This already marked the most important turning point in Dave Pegg’s career: The switch from lead guitar to bass, initiated by Steve Gibbons, without which Pegg would not have been able to become a member of The Ugly`s and later of Fairport Convention and Jethro Tull.

And also the appearance of Steve Gibbons later in the event became a time travel back to the musical beginnings of the jubilee.

Steve Gibbons was namely supported by Dave Pegg and Roger Hill, who at that time got the coveted job on the guitar at The Ugly`s, for which Dave Pegg had also applied.

Dave Pegg writes about this gig in his accompanying text on the CD:

What I really wanted on it was Steve Gibbons, Roger Hill and EVENTUALLY performing „The Uglys Blues“/This has become the computer playable video clip which ends this set.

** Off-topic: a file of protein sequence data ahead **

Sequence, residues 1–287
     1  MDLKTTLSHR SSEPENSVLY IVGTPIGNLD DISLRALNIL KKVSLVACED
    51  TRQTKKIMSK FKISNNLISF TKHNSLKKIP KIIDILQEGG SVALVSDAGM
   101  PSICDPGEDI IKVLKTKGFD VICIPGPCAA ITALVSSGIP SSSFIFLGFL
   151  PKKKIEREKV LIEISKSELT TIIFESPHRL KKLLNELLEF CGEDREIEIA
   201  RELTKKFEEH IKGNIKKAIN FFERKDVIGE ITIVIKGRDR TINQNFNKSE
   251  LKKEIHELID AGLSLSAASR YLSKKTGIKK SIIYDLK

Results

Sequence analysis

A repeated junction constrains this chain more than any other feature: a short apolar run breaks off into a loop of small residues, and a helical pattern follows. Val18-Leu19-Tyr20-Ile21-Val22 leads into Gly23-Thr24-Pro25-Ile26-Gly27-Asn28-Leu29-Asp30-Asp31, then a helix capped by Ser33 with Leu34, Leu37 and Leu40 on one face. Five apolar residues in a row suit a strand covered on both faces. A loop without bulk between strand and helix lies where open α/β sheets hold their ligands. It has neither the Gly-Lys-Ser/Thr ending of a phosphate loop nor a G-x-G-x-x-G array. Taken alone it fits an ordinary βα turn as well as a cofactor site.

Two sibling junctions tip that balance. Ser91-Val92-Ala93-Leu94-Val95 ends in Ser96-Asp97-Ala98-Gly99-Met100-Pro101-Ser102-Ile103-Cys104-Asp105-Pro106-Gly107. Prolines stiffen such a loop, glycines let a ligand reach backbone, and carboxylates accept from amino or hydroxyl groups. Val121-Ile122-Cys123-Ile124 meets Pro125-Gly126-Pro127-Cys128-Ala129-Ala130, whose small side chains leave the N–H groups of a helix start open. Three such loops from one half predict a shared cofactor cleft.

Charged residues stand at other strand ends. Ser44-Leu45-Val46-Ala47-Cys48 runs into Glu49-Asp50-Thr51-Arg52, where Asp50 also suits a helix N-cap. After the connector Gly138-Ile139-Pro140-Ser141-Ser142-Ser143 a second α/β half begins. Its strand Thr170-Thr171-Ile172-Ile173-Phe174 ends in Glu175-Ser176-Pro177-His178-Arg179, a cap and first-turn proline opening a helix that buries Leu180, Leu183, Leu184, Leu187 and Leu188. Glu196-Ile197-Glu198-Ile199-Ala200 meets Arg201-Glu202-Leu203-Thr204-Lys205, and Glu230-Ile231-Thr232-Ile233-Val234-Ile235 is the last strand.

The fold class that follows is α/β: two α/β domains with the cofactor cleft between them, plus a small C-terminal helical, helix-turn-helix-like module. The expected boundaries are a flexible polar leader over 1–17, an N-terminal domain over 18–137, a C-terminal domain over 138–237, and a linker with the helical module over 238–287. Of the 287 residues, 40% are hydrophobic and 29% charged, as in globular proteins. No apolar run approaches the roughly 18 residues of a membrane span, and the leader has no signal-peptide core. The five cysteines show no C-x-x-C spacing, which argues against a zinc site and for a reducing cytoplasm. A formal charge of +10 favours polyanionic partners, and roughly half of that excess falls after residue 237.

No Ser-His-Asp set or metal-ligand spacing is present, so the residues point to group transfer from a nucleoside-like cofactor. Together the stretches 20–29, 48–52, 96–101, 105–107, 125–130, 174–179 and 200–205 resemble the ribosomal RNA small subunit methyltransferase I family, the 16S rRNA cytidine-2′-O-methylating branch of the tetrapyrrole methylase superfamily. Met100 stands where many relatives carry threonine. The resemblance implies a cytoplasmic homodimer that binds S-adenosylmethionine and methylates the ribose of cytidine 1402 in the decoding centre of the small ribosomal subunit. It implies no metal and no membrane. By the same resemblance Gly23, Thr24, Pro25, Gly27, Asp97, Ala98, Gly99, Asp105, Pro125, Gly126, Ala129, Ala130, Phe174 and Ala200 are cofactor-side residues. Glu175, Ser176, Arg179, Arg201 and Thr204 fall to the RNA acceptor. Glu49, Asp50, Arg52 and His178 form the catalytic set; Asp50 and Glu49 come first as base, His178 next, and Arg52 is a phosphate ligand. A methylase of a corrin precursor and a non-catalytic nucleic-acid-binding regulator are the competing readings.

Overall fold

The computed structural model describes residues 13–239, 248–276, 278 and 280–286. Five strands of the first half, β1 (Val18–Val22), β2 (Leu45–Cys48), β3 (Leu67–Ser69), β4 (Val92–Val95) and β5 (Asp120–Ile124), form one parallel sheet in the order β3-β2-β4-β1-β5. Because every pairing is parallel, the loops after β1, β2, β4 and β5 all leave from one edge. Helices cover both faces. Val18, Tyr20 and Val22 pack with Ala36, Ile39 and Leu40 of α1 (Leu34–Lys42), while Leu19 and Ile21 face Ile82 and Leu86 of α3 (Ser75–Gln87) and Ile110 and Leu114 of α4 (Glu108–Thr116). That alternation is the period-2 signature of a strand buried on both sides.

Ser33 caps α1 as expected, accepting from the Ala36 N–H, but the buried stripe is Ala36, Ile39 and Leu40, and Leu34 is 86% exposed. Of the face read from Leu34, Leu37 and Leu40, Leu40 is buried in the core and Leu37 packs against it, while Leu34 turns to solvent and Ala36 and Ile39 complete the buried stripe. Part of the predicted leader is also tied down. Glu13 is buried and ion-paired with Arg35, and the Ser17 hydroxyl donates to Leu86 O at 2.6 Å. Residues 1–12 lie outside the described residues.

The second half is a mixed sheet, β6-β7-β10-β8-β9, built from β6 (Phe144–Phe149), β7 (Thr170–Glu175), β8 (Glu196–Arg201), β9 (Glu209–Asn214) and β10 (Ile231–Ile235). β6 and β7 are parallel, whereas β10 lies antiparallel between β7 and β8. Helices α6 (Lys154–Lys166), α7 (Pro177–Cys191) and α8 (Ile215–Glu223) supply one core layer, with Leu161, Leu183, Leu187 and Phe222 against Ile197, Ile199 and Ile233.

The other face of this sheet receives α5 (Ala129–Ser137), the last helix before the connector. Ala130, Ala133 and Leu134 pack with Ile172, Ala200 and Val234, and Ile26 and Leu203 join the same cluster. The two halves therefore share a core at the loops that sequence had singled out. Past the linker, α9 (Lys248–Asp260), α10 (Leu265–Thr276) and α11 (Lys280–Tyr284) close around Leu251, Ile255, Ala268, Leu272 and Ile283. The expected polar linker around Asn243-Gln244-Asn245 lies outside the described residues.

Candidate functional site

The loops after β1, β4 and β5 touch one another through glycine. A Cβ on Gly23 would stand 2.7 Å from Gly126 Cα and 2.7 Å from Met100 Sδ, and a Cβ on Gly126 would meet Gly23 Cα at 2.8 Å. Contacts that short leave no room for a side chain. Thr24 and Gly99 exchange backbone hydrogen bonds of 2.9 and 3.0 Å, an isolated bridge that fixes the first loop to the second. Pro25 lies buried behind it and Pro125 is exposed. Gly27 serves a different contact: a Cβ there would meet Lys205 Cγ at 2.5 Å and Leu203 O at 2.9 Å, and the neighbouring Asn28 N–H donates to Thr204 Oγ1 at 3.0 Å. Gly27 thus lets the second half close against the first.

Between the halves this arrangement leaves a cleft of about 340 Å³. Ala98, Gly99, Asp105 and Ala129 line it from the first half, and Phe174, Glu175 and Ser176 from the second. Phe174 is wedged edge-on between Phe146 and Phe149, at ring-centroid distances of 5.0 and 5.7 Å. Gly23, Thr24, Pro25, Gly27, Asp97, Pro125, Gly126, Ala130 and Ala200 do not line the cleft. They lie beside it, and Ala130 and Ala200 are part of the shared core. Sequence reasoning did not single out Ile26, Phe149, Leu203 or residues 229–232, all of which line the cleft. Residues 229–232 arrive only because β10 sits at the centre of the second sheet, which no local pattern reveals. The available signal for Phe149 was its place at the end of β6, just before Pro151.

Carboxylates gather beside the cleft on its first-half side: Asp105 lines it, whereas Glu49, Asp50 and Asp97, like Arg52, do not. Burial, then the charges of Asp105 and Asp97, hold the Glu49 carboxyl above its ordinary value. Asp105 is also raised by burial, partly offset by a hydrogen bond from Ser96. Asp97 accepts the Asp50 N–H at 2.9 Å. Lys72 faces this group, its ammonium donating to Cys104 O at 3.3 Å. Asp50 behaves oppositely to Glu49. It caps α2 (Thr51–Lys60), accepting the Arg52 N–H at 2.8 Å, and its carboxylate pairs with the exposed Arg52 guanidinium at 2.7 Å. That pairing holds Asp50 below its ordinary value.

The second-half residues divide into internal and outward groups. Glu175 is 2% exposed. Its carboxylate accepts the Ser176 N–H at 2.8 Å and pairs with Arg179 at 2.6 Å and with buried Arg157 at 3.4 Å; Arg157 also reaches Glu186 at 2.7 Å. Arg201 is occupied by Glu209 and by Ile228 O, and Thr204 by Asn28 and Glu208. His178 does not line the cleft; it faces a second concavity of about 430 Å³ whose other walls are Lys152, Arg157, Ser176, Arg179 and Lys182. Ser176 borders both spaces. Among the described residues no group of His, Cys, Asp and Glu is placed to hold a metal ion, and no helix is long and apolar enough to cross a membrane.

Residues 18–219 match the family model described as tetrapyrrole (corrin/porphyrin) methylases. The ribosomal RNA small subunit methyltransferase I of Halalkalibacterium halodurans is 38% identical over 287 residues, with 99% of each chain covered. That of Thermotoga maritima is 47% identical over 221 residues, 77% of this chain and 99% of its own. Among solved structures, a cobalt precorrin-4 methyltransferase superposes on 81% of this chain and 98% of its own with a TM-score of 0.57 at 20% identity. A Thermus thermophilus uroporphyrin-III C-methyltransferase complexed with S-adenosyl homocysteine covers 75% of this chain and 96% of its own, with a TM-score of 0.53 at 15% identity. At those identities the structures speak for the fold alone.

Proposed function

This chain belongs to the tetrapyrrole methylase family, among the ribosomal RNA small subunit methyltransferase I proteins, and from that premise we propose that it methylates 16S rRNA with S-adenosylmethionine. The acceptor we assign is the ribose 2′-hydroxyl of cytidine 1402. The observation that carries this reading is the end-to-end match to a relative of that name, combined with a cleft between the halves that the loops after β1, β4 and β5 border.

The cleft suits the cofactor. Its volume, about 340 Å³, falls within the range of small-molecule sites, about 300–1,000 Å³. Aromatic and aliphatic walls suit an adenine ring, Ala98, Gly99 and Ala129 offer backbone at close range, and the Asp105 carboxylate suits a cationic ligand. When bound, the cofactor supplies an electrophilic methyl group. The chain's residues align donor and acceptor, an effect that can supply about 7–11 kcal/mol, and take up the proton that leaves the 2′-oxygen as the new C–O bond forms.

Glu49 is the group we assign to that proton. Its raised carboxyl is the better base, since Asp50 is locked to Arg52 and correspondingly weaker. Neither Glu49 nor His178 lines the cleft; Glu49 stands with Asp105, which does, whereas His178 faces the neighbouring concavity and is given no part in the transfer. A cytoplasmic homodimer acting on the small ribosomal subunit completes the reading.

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The performance of the three aged men starts accordingly sentimental. Dave Pegg greets his fellow musicians warmly, tells the story again how he failed his audition as guitarist and was then asked by Steve if he would like to take over the position of bass player. Pegg explains to the audience:

This is the wonderful Roger Hill.

Roger … was the reason that I started playing the bass and stopped playing the guitar. Because years ago when I was about nineteen, I went for an audition with a group called The Ugly`s who were very popular in Birmingham. And Australia, in fact, which is a good combination. They were auditing for a lead guitarist and I went along. R

Roger was in front of me in the queue and I knew that I hadn`t got a chance getting the gig, cause Roger obviousely got it because he is fab